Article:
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In this scenario, offshore hybrid wind farms and energy islands will play a crucial role in linking wind turbines to many nations. The European Union and national governments must create an appropriate legal framework for these projects as soon as possible. The North Sea is rapidly approaching an offshore wind grid that is interconnected. By 2050, offshore hybrid projects serving as renewable power plants and interconnectors might account for one-third of offshore wind capacity. The United Kingdom has just ended its first call for hybrid offshore wind pilot applications for October 2022. The Nautilus project connecting the United Kingdom to Belgium and the Eurolink project connecting the United Kingdom to the Netherlands are now being evaluated by Ofgem, the UK’s energy regulator. Hybrid offshore projects minimize the utilization of existing sea space. They are beneficial to marine biodiversity. And they facilitate effective international electricity transfers. However, investors will not invest in these projects unless risks, costs, and profits are shared equitably among developers, grid operators, and society. This includes compensation regulations for grid congestion.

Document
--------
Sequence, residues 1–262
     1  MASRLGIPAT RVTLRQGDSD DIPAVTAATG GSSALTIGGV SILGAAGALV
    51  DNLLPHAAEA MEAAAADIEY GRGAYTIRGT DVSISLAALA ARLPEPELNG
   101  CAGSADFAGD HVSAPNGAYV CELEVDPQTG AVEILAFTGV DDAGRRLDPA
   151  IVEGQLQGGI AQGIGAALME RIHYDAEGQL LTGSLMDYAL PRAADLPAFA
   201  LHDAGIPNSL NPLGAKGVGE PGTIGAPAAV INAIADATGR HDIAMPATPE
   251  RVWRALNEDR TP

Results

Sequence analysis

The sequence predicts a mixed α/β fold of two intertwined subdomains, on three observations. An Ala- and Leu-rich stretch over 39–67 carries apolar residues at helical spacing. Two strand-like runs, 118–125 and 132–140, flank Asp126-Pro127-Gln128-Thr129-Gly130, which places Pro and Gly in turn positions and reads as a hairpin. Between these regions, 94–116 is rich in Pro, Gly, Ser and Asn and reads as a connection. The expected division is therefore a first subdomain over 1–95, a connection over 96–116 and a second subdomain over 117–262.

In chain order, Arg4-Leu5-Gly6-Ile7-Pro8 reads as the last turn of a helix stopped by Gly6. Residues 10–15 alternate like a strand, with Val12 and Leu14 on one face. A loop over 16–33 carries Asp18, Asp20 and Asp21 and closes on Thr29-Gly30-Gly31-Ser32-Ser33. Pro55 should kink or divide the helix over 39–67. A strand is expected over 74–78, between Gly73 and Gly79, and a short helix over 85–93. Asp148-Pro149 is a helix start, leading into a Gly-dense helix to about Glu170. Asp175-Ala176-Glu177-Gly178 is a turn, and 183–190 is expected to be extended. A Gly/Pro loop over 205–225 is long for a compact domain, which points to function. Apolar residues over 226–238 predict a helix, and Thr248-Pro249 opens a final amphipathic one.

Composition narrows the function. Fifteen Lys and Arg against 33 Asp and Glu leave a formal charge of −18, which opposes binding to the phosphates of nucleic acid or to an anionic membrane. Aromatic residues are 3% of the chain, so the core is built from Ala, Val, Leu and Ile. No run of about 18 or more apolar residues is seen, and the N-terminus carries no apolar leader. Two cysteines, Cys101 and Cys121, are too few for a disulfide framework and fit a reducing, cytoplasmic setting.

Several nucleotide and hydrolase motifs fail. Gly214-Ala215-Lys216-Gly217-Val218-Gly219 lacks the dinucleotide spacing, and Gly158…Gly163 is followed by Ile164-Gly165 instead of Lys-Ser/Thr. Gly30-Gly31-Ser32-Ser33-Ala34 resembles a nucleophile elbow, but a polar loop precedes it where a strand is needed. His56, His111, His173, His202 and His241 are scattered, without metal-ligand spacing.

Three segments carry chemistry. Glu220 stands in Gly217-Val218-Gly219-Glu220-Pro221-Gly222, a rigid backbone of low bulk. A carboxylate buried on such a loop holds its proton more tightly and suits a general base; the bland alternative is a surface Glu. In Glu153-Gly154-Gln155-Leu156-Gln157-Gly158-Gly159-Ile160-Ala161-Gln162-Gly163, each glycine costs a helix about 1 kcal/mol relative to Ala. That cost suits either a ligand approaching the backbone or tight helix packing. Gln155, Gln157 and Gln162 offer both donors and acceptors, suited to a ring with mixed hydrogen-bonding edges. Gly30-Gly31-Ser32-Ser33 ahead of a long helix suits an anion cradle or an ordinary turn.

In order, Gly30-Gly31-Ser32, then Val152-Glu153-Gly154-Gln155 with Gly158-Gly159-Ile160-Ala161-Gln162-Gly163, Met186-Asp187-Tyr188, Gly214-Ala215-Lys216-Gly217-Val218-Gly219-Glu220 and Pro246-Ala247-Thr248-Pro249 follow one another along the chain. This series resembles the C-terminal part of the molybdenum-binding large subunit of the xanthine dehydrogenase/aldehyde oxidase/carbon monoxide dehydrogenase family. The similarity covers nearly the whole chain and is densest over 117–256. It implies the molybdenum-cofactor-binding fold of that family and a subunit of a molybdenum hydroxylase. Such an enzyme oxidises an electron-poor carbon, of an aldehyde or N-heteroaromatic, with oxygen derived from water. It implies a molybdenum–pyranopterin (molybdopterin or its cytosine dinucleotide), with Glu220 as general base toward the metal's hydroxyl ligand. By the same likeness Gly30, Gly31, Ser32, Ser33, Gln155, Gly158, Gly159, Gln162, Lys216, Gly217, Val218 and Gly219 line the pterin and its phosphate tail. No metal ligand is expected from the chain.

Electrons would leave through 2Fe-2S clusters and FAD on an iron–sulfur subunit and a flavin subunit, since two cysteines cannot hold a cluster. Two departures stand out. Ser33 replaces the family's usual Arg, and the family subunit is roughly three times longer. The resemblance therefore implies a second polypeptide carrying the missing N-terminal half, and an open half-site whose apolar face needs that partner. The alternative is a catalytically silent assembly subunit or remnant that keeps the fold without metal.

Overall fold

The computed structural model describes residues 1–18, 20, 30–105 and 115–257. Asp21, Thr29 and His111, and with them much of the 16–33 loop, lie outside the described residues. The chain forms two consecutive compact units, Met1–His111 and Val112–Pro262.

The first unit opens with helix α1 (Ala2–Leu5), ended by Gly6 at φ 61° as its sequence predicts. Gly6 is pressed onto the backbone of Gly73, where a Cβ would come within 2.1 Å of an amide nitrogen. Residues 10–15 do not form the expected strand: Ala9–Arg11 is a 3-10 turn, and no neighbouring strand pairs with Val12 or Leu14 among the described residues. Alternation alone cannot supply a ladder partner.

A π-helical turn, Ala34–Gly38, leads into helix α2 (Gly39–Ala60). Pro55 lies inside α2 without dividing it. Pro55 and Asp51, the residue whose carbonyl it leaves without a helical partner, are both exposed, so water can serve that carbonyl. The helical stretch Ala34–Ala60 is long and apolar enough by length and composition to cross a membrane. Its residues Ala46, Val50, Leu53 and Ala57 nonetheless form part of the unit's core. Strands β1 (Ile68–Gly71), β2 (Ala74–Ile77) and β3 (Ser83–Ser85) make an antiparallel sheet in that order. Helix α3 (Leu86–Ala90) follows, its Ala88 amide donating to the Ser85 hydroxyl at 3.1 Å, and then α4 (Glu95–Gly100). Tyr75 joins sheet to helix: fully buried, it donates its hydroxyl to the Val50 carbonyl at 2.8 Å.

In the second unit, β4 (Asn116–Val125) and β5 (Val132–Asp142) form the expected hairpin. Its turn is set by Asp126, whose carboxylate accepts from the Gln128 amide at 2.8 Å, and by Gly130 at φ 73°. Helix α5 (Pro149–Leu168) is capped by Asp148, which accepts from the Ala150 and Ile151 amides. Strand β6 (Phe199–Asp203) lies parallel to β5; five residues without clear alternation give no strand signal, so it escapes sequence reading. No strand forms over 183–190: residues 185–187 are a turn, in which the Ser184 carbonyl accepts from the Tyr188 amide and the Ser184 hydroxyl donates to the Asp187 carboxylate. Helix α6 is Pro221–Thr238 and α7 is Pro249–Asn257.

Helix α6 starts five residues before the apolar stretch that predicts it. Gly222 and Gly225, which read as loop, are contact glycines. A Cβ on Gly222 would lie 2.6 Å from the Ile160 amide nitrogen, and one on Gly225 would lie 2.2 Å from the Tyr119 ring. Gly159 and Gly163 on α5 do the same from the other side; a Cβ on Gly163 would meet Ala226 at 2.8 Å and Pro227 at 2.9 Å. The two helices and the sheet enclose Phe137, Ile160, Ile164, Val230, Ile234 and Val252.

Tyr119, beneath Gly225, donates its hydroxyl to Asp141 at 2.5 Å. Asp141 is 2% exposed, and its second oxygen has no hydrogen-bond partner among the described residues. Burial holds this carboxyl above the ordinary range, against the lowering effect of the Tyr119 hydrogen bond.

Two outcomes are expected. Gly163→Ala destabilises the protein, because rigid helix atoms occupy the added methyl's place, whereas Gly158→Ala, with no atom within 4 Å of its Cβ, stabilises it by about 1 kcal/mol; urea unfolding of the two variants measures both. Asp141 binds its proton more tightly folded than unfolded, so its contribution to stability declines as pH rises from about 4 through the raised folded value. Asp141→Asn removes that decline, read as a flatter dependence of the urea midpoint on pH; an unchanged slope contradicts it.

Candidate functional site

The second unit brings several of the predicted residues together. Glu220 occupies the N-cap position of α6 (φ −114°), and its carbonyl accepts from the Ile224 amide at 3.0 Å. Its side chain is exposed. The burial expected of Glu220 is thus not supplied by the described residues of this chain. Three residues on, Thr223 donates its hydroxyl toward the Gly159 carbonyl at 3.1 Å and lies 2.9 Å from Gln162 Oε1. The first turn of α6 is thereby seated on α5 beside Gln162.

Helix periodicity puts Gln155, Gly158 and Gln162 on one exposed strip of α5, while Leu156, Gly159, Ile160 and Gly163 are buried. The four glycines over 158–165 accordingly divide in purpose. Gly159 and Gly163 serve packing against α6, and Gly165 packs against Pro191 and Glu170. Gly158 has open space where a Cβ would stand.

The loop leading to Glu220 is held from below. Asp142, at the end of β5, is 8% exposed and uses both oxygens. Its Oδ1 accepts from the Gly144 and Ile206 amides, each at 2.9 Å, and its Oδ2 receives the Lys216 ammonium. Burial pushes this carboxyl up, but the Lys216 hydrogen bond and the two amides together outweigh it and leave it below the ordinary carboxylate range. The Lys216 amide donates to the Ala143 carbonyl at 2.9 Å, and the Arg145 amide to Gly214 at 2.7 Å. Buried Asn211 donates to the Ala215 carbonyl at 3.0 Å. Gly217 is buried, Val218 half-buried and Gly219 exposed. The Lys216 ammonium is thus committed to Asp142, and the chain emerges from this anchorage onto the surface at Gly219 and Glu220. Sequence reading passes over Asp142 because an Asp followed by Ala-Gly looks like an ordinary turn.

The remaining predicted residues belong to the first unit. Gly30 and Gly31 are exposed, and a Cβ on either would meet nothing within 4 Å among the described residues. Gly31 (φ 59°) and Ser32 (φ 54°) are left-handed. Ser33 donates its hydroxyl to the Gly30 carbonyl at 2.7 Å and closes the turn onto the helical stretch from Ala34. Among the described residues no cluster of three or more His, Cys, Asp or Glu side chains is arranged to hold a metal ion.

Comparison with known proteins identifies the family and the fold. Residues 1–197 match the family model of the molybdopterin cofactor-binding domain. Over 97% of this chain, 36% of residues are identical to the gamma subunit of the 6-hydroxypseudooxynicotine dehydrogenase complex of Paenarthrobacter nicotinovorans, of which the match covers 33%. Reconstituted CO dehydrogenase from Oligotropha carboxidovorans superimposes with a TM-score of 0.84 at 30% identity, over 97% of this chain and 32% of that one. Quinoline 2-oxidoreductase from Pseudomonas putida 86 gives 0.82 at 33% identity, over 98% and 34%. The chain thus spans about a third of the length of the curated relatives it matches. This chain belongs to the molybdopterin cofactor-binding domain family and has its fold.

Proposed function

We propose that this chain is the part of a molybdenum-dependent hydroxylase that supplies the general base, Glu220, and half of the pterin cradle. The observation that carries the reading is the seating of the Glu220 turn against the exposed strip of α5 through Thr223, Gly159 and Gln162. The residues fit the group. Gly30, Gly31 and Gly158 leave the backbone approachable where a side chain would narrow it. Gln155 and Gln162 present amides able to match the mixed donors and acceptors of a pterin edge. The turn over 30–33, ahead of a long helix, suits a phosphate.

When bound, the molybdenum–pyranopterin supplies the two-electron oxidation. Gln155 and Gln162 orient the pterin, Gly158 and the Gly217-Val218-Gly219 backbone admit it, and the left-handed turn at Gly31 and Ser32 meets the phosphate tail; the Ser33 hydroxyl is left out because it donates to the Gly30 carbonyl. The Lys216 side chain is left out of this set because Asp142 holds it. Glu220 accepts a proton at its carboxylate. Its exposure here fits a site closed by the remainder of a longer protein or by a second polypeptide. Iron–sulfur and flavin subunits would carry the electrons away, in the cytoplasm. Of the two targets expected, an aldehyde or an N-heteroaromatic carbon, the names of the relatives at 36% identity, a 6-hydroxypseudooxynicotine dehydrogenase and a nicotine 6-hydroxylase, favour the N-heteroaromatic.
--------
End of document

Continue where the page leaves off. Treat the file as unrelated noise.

President of National Grid Ventures, Cordi O’Hara, stated, “We enthusiastically welcome the UK’s re-engagement with NSEC, as we need all North West European nations to collaborate in order to exploit the entire clean energy potential of the North Sea.” Interconnectors have strengthened supply security across the United Kingdom and Europe in recent months, as they have done since the first link began functioning over four decades ago. Now, we look forward to collaborating with our partners to create the next generation of hybrid projects, which will assist to speed offshore wind while limiting the impact of infrastructure on coastal communities. But none of us can accomplish this on our own, so we must build upon the solid foundations we’ve developed to deliver an integrated offshore grid that maximizes benefits for European customers.” National Grid should also be permitted to joined the European Network of Electricity Transmission System Operators (ENTSO-E). Only a coordinated, Europe-wide strategy to the development and operation of offshore wind grids can assure the proliferation of offshore wind at the lowest cost to society. The United Kingdom must participate in all negotiations regarding offshore grid development.